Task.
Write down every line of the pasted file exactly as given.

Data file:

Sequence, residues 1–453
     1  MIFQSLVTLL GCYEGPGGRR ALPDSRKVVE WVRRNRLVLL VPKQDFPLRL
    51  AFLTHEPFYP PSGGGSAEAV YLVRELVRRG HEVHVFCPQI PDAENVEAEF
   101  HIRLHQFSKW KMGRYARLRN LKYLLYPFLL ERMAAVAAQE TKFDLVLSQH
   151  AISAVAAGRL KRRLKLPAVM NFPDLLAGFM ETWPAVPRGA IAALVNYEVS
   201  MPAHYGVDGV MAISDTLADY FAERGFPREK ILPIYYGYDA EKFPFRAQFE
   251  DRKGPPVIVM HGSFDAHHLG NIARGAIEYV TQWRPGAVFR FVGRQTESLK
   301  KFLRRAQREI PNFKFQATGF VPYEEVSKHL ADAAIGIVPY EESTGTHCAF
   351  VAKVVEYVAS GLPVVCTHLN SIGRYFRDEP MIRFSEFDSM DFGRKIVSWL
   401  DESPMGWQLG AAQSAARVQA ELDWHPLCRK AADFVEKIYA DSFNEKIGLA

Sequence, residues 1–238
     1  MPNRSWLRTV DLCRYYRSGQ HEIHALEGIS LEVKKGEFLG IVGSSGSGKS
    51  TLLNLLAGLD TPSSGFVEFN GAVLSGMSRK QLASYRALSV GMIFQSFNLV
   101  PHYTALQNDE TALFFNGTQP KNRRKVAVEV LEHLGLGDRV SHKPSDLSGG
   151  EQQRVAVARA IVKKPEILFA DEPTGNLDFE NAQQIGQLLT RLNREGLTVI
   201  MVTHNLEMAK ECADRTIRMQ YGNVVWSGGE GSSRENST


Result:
Sequence, residues 1–453
     1  MIFQSLVTLL GCYEGPGGRR ALPDSRKVVE WVRRNRLVLL VPKQDFPLRL
    51  AFLTHEPFYP PSGGGSAEAV YLVRELVRRG HEVHVFCPQI PDAENVEAEF
   101  HIRLHQFSKW KMGRYARLRN LKYLLYPFLL ERMAAVAAQE TKFDLVLSQH
   151  AISAVAAGRL KRRLKLPAVM NFPDLLAGFM ETWPAVPRGA IAALVNYEVS
   201  MPAHYGVDGV MAISDTLADY FAERGFPREK ILPIYYGYDA EKFPFRAQFE
   251  DRKGPPVIVM HGSFDAHHLG NIARGAIEYV TQWRPGAVFR FVGRQTESLK
   301  KFLRRAQREI PNFKFQATGF VPYEEVSKHL ADAAIGIVPY EESTGTHCAF
   351  VAKVVEYVAS GLPVVCTHLN SIGRYFRDEP MIRFSEFDSM DFGRKIVSWL
   401  DESPMGWQLG AAQSAARVQA ELDWHPLCRK AADFVEKIYA DSFNEKIGLA

Sequence, residues 1–238
     1  MPNRSWLRTV DLCRYYRSGQ HEIHALEGIS LEVKKGEFLG IVGSSGSGKS
    51  TLLNLLAGLD TPSSGFVEFN GAVLSGMSRK QLASYRALSV GMIFQSFNLV
   101  PHYTALQNDE TALFFNGTQP KNRRKVAVEV LEHLGLGDRV SHKPSDLSGG
   151  EQQRVAVARA IVKKPEILFA DEPTGNLDFE NAQQIGQLLT RLNREGLTVI
   201  MVTHNLEMAK ECADRTIRMQ YGNVVWSGGE GSSRENST